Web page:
Trump will have to swallow his pride in NY court — and he may not be able to stomach it: analysis
Donald Trump / Official White House photo by Tia Dufour

After being sued by New York Attorney General Letitia James, Donald Trump's best possible defense is going put him in an awkward position.

That was explained on Saturday when MSNBC's Alicia Menendez interviewed New York Times business investigations editor David Enrich. He is the author of the new book Servants of the Damned: Giant Law Firms, Donald Trump, and the Corruption of Justice and the 2020 book Dark Towers: Deutsche Bank, Donald Trump, and an Epic Trail of Destruction.

"David, this week, Trump's former attorney and fixer, Michael Cohen, said this fraud lawsuit could put an end to the Trump organization," Menendez said. "Given all you know about Trump's business dealings, do you agree?"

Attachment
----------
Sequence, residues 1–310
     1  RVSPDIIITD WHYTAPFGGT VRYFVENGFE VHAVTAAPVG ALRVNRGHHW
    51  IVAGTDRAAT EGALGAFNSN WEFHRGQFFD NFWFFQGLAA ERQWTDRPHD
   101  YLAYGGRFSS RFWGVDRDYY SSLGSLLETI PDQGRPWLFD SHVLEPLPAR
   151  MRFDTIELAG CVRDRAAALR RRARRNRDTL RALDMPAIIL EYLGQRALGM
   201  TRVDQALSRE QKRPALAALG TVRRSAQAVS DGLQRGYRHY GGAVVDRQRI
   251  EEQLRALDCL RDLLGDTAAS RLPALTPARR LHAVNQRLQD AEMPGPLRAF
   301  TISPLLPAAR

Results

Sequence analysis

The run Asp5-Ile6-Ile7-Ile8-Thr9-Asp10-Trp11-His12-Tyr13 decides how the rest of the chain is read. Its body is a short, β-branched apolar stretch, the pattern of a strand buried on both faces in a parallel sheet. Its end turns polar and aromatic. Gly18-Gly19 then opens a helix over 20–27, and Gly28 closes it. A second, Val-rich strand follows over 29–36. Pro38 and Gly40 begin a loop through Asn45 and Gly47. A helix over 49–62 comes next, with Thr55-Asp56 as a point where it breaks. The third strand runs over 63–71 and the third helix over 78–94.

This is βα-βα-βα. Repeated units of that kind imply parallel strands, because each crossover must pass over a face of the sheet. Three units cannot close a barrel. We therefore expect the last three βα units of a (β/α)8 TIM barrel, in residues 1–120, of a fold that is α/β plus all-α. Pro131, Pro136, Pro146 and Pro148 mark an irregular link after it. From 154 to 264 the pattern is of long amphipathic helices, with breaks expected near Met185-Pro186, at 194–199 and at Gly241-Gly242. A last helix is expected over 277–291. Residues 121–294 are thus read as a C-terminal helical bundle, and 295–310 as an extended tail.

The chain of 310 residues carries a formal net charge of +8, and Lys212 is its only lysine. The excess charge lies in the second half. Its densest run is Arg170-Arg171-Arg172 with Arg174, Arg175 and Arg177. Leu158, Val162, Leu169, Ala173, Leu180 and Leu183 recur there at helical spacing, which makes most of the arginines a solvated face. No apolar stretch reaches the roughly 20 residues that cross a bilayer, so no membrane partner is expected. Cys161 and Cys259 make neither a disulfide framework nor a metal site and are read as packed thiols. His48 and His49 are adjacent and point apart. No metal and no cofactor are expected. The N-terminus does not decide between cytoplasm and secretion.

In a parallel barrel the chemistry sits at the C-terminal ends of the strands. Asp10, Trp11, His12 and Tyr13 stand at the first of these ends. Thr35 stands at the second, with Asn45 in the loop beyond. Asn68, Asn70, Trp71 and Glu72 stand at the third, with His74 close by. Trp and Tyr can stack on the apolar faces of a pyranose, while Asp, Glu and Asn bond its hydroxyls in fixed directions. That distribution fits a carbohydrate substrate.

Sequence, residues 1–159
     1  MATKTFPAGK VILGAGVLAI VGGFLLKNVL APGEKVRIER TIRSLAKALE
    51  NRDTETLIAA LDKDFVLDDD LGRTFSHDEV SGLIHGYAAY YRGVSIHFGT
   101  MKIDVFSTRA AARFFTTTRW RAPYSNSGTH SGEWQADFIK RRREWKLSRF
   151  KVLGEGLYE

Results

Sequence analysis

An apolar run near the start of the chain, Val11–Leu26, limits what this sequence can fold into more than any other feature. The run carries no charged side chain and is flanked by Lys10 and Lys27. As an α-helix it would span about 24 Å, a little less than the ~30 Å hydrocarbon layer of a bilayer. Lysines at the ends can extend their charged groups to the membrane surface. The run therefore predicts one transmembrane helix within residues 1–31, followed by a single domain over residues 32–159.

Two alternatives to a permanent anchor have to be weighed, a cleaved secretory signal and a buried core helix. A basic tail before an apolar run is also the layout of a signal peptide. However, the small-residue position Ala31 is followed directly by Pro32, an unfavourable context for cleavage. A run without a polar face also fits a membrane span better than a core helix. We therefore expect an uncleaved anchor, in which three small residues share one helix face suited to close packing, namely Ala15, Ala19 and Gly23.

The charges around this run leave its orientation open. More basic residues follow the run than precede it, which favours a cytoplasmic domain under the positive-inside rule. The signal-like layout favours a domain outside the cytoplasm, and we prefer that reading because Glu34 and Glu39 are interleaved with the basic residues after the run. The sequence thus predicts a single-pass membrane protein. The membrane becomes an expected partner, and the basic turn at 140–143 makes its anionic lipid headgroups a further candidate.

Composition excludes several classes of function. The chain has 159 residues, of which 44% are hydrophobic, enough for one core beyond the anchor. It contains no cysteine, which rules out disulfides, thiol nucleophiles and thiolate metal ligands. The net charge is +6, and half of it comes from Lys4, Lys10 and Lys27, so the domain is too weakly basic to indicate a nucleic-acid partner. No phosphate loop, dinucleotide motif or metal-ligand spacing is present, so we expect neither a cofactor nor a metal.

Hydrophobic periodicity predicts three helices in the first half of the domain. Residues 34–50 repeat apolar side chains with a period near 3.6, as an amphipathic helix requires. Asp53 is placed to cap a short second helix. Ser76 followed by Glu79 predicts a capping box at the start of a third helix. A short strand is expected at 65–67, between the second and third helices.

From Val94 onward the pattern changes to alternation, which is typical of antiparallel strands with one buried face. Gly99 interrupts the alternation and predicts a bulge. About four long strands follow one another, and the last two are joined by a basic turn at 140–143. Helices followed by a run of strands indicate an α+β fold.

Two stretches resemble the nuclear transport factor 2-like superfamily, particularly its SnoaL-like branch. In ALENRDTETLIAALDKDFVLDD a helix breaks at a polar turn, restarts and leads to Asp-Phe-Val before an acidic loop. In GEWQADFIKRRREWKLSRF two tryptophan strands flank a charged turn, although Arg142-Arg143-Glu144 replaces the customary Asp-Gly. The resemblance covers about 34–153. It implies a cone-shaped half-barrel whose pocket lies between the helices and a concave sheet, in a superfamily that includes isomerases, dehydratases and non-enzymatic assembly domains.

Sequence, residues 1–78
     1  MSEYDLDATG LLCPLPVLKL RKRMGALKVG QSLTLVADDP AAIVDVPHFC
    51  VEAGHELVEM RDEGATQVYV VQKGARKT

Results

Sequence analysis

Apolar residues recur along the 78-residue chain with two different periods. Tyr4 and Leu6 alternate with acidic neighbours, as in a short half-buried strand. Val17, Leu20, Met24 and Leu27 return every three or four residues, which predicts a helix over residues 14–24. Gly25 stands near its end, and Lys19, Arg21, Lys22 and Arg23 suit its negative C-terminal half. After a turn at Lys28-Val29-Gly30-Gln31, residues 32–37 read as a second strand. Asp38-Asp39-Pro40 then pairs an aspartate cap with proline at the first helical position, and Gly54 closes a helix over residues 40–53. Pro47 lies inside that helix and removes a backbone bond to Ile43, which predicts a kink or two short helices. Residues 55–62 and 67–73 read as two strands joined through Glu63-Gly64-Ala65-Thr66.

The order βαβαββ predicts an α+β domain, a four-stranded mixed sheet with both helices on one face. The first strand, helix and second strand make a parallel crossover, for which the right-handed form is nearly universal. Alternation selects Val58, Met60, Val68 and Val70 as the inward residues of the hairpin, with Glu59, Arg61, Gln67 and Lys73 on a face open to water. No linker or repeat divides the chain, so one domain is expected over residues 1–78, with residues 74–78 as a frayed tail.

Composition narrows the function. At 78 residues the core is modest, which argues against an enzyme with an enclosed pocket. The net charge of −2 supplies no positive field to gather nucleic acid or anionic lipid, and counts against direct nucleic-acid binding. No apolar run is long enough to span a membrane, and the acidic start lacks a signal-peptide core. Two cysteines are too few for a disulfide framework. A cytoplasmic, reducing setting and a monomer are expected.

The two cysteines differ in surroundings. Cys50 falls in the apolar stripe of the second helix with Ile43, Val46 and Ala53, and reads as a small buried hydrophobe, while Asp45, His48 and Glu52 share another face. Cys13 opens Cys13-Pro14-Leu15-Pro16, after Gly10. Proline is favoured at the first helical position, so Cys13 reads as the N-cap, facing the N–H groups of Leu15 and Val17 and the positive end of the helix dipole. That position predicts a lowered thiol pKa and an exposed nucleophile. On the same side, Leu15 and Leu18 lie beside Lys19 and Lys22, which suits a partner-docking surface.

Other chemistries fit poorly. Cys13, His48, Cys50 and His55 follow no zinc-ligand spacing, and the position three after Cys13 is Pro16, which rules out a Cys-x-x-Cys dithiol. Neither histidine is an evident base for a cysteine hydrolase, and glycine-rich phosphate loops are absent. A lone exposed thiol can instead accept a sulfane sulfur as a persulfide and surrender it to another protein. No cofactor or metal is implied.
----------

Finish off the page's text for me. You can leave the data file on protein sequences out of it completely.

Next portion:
"You know, it's really hard to say," Enrich replied.

"I think the reality is that Trump had such a reputation for being an outlandish, exaggerating liar that his banks knew about this," he explained. "And I've talked to people inside Deutsche Bank, which was the primary lender to Trump over the years, and they were well aware that he was exaggerating his financials and they took steps to markdown his value of assets accordingly."

"And so that's a problem if you're trying to make a fraud claim because everyone knows you're lying and your fraud claim, -- it means you are basically not tricking anyone," Enrich said. "I think it's likely going to be the argument that Trump uses in court."

"Obviously, it's a little bit counter to the image of the public image that Trump tries to project and so, I think the biggest challenge for him in that regard, is that he's going to have to swallow some of his pride, in the courtroom, at least, to make that argument, effectively," he said. "And that's not something I'm sure he will be able to stomach."

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David Enrich www.youtube.com